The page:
Some dogs easily get overexcited. This may happen when the doorbell rings, when you’re holding a toy, or when you put food in his dog bowl.
An overexcited dog can be a lot to handle, especially if you are in a rush or have visitors. But, by taking the extra time in the short-term to calm down a dog, you will help your dog learn to behave much better in the long-term.
Train your dog to remain calm no matter the situation with these three impulse-control activities.
Impulse-Control Activity 1: Waiting for Food
My favorite impulse-control activity is training pups to wait for their dog bowls. It can teach them a valuable life skill—namely that to get something you want, you must calm down. Follow these steps to teach your dog to calmly wait for his food:
- Get your dog’s food ready and wait for him to notice that you have it.
- Hold the dog bowl at your chest level and ask your pup to sit.
- Start to lower the dog bowl to the ground.
- If your dog gets up from the sit, lift the dog bowl back up to your chest level and go back to step 2. As long as your dog stays in a sit, continue to lower the dog bowl to the ground.
- Once the dog bowl is on the ground, say “take it” and let your dog enjoy his food.
Impulse-Control Activity 2: Playing Tug-of-War with Rules
Another good impulse-control activity is playing tug-of-war in a controlled manner. When you play tug-of-war this way, it teaches your dog that sometimes he must wait patiently to get what he wants.
- To start, pick up one of your pet’s dog toys and say “take it” while presenting the toy to your dog. The phrase “take it” should let your dog know he has permission to start tugging. If your dog grabs the toy before you say “take it,” do not play the game.
- Start tugging on the toy. As you play, say things like “tuggy tuggy,” so your dog knows you are playing.
- After a little while, get quiet and stop tugging. Hold the toy steady, or move your arms in synch with your pup’s movements, so you aren’t pulling back against the dog. Most dogs quickly realize that something is different and release the toy. If you’ve already trained a “drop it” cue, you can use that to get your dog to let go.
- Once your dog has released the toy, hold it at your chest level and ask the dog to sit. As soon as he does, say “good dog!” and resume the game, giving your “take it” cue as you present the toy.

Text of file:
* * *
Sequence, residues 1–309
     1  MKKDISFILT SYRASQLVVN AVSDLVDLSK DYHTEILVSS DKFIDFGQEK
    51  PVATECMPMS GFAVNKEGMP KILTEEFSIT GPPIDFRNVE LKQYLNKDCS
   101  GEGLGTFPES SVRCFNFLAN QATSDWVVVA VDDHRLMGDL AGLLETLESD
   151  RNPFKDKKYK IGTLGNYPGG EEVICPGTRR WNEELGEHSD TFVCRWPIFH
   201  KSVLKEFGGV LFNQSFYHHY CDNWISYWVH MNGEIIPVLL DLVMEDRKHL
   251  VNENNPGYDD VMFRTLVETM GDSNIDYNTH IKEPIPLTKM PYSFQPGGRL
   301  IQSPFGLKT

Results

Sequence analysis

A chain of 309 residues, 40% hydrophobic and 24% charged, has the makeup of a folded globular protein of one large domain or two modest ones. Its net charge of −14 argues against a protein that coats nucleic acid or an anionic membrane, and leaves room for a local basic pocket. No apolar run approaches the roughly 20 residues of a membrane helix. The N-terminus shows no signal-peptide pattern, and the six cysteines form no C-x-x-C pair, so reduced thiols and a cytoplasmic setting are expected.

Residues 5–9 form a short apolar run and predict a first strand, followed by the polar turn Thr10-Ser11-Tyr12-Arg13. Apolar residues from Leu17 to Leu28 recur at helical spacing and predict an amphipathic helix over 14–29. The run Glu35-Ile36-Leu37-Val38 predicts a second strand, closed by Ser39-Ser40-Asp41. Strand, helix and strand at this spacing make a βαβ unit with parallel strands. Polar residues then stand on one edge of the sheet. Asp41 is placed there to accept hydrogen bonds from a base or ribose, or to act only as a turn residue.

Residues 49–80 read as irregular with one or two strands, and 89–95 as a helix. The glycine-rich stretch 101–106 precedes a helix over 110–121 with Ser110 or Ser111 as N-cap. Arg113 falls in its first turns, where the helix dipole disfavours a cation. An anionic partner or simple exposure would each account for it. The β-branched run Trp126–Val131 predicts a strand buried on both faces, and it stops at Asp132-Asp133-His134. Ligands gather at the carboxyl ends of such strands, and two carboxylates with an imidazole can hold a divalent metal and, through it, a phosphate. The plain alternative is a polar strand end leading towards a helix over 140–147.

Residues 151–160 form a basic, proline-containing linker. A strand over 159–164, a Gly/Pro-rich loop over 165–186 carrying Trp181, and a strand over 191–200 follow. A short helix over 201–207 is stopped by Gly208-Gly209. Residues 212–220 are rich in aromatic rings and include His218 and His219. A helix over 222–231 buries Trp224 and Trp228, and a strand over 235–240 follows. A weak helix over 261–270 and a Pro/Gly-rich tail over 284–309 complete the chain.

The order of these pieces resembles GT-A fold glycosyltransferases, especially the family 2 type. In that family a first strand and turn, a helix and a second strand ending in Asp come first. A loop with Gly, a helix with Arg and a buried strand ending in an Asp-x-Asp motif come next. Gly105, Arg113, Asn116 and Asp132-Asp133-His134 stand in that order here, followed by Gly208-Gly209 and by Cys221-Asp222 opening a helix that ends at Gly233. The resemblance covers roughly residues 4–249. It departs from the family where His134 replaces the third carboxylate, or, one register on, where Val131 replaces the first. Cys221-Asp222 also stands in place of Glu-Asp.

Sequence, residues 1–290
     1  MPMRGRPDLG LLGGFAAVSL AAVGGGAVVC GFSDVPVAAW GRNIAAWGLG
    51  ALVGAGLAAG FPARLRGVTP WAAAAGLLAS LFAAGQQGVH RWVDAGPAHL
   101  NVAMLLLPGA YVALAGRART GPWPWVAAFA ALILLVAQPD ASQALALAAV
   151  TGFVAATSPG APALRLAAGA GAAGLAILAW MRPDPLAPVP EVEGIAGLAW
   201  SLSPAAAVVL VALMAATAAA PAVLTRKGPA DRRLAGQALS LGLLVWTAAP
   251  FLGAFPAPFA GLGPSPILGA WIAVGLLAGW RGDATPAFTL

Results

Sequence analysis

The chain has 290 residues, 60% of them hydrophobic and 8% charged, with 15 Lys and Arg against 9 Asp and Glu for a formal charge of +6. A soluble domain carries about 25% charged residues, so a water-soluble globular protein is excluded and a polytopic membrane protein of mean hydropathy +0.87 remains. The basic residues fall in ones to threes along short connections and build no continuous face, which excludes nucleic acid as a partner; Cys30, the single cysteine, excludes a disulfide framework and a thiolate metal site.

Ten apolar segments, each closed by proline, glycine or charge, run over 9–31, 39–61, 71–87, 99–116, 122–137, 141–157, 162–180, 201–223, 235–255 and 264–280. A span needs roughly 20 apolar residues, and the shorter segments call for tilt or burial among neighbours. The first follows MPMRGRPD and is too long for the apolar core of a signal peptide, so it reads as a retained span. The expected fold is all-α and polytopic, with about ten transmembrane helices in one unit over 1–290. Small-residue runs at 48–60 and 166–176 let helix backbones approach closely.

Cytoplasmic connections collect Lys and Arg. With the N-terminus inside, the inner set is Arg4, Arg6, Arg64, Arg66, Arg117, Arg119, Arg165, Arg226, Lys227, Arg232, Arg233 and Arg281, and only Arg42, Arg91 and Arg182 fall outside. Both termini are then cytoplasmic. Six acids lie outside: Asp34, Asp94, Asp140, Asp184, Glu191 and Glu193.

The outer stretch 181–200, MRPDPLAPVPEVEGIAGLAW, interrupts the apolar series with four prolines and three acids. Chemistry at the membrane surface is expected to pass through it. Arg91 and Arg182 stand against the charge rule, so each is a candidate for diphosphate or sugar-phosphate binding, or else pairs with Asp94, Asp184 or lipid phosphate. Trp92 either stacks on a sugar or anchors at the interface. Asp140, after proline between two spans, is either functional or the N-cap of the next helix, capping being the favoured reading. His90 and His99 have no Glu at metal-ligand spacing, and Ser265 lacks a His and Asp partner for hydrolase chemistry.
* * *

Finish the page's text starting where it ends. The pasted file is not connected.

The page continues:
- When you’re ready to stop, either toss the dog toy away so your pup can play with it on his own, or put the toy away and pet or treat your canine to smooth the transition to non-play time.
- Take as long of a break as you want, and then repeat these steps to start playing tug of war again.
When you do this activity with your dog, keep these things in mind:
- If your dog accidentally releases the toy while playing, either ask him to sit and then continue play, or end the game.
- If your pup’s teeth touch your hand at any time, end the game and walk away with the toy. Uninvited teeth on humans—even by accident—mean no more play for the moment.
- To make it easier for your dog to play tug without accidentally biting your hand, use a long toy, such as the Frisco Rope & Tug with double handle grips dog toy.
Impulse-Control Activity 3: Waiting Quietly on a Mat for Guests to Enter
Another great impulse-control activity to calm down your dog is waiting quietly on a mat while guests enter your home. It takes practice, but it’s one more way to teach your pet that good things come to those who wait.
You can make greeting the guests the final (and best) reinforcement for staying on the mat by releasing your dog to greet the guests only after they have taken their seats. The best part is that dogs who are waiting on a mat can’t jump up on guests as they walk in the door!
- Start by teaching your dog to settle on a mat.
- Then position the mat so your dog can see the door but cannot jump onto an entering guest.
- Next, add difficulty. There are suggestions for how to do this below.
It’s crucial to make sure your dog is successful at each level before you make things harder. You want him to be practicing the proper behavior (staying on the mat) rather than the wrong behavior (popping up). If you increase difficulty before your dog is ready, he will get too much practice doing the incorrect thing, so it pays to take it slow.
Note: It might take weeks, or even months, before your dog can stay calmly on the mat in all these situations, and that’s OK. Take as much time as your dog needs.
A. Knock softly on the wall, pause briefly, and then say your mat cue (e.g., “mat”).
- Gradually increase the volume of the knocking.
- Praise and feed your dog for going to the mat.
B. Get a friend or family member to knock on the door, starting with a soft knock.
- After you hear the knock, say “mat,” and then praise and feed your dog when he goes to his mat.
- Slowly build up to walking over to the door, opening it, and inviting the person in while your dog stays on the mat.
Note: If at any point your dog pops up, the exercise is too hard. Go back to an easier level, and then build back up again more gradually.
C. Record the sound of the doorbell on your phone.
- Repeat the steps above, but start by playing the recorded doorbell sound (instead of knocking) at its lowest level. Then pause briefly and say “mat.”
- As soon as your dog goes to his mat, praise and feed him.
- Gradually increase the doorbell recording volume to full volume.
D. Get a friend or family member to ring the actual doorbell from outside the door.
- After you hear the doorbell, say “mat.”
- Praise and feed your dog when he gets on his mat.
- Build up to walking over to the door, opening it, and inviting the person in while your dog stays on his mat.
All three exercises help your dog learn better impulse control. And this skill is useful in many other situations.
Featured Image: Via iStock.com/marcoventuriniautieri